Category Archives: Eye Contact

How Much Eye Contact Should You Be Making on a Video Sales Call


Maintain eye contact 2/3 of the time, experts have always said.  But that figure is based on in-person communication. But on video, that percentage should be closer to the 80-85% mark! Why Do You Need More Eye Contact on Video? When in-person – whether that be your office, a shared conference room, even a local coffee shop – you are sharing an environment with your customer. Meaning that if you break eye contact to look at your notes, a picture on the wall, or that delicious cup of joe in your hands, your customer knows exactly what you are looking at. No problem at all! In contrast, when you look away on video, your customer is no longer able to see what you are looking at. Left to their imagination, they may graciously assume that you are looking at their image or, worse yet, imagine that you are looking at Read More

Sellers Beware! Misleading Advice on Zoom Fatigue


Stanford University recently published an interesting study on the causes of ‘Zoom Fatigue.’ Researchers identified four main causes, one being: *Excessive amounts of close-up eye contact is highly intense While I don’t disagree with the study’s overall conclusion, I do disagree with the advice springing up around it suggesting people should REDUCE their level of eye contact on video calls. This is hugely misleading advice, especially for salespeople. Here’s why: Why Eye Contact Matters in Virtual Selling: Eye contact is a key ingredient in building relationships. In a virtual world, eye contact takes on even greater importance as other means of connecting with our customers are unavailable to us. Selling on Video Perceived attention is tied to your eye contact. Where our eyes go, our attention goes. Unlike in a live setting, your customer can’t tell where your attention is directed on a video call. All they know is that Read More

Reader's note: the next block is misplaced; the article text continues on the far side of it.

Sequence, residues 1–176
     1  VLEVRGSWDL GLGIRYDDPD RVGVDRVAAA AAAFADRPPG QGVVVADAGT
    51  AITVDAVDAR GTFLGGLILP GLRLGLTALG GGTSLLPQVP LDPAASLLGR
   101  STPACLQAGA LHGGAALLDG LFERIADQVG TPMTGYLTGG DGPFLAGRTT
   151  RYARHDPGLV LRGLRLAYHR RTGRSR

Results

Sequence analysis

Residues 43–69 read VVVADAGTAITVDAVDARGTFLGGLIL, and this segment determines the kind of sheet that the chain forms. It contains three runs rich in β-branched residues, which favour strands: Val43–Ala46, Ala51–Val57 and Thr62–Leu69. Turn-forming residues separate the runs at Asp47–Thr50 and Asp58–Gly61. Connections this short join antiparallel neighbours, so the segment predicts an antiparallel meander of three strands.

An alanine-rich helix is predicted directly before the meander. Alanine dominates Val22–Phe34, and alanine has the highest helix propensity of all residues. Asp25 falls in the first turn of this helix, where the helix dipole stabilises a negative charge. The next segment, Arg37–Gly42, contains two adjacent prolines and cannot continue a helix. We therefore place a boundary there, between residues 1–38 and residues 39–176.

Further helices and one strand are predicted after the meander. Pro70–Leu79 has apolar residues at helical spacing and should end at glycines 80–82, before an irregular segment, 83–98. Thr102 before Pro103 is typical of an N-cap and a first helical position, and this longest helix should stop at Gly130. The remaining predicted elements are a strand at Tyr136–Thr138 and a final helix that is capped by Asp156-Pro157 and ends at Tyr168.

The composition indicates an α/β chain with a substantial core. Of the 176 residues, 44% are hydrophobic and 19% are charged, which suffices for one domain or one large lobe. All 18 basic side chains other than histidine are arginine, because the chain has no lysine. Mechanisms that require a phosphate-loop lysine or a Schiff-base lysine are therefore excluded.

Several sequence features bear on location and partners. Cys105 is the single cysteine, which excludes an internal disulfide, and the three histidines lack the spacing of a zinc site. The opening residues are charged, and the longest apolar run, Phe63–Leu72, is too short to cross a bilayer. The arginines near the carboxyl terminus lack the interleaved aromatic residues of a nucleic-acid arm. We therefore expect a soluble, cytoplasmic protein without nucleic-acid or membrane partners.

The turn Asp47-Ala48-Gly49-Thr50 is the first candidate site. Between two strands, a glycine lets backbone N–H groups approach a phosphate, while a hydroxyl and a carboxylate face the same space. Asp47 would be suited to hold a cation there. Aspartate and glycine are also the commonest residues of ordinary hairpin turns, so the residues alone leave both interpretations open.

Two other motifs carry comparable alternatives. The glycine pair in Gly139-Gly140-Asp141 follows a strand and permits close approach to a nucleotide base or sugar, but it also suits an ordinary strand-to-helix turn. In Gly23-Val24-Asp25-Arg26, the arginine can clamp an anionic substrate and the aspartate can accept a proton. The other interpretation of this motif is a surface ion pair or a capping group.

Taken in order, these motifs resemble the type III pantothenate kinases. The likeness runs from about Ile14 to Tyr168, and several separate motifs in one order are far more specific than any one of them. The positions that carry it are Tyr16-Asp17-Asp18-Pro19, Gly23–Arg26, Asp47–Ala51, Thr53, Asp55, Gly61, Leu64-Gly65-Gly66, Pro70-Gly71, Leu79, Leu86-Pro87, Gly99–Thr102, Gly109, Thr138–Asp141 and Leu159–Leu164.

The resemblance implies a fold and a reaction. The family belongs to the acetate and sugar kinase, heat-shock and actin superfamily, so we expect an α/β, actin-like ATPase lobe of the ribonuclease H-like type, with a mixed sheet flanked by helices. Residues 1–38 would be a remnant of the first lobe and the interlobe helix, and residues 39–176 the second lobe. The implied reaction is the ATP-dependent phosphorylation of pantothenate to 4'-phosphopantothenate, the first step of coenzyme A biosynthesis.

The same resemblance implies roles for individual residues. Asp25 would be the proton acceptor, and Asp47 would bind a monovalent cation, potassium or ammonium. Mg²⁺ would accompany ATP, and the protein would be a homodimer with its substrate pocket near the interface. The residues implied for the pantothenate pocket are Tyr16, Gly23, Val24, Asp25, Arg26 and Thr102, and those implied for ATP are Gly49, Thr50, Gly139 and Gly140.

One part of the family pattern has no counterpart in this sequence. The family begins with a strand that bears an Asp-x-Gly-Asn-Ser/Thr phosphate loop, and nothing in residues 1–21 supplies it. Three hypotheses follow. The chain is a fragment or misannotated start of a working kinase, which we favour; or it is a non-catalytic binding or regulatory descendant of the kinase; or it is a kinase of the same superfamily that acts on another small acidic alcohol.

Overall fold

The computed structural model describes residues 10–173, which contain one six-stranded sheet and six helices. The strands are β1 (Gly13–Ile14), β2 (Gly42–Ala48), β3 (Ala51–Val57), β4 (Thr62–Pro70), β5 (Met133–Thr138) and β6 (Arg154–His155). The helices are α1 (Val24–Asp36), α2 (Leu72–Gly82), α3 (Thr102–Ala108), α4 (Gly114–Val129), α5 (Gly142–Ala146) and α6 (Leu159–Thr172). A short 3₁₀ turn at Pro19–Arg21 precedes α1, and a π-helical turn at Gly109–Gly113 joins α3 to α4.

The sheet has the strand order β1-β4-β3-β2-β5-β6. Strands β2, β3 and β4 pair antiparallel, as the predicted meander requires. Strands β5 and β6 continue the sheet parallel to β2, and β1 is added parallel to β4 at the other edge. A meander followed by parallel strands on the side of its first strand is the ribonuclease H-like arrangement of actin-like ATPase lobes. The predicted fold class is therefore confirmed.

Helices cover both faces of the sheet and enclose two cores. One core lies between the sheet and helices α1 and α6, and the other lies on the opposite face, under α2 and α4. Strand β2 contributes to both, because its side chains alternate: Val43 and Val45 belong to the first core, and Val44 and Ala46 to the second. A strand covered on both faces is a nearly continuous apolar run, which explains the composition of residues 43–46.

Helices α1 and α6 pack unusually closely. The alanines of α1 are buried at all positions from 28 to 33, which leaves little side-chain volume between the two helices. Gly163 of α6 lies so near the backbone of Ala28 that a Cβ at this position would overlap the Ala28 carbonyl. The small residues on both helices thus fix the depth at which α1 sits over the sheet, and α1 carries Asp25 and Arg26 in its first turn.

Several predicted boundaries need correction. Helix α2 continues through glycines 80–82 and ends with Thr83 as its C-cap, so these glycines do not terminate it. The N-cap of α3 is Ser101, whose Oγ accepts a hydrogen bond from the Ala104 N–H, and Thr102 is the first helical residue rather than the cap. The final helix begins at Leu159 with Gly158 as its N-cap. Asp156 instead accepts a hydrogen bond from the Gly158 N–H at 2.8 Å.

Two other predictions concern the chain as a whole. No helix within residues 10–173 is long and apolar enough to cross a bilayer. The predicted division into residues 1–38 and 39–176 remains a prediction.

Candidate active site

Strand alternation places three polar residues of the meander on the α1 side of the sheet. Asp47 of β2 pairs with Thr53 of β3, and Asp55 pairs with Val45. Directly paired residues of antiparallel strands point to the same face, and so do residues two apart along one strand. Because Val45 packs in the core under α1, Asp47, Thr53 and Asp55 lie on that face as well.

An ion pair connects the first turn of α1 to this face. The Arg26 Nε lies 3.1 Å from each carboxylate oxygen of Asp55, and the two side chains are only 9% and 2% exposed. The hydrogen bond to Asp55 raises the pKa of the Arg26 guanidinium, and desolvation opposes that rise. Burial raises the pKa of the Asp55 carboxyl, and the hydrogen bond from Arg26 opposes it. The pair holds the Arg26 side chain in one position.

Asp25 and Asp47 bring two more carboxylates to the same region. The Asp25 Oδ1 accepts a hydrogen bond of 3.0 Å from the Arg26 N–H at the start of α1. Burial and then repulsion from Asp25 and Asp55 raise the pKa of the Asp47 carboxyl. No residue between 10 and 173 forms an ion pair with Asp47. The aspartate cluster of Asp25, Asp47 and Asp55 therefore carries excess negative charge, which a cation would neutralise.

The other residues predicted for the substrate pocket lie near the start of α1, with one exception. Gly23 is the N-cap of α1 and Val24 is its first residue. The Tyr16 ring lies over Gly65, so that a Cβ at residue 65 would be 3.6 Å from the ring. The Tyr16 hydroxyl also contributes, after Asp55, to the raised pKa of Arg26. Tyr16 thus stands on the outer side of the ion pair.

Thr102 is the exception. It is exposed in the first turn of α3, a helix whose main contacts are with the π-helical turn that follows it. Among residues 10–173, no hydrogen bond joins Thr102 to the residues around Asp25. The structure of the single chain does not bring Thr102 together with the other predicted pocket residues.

Contact


Performance Sales and Training: Persuasive Presentation Skills to meet the challenges of today’s B2B Sales Environment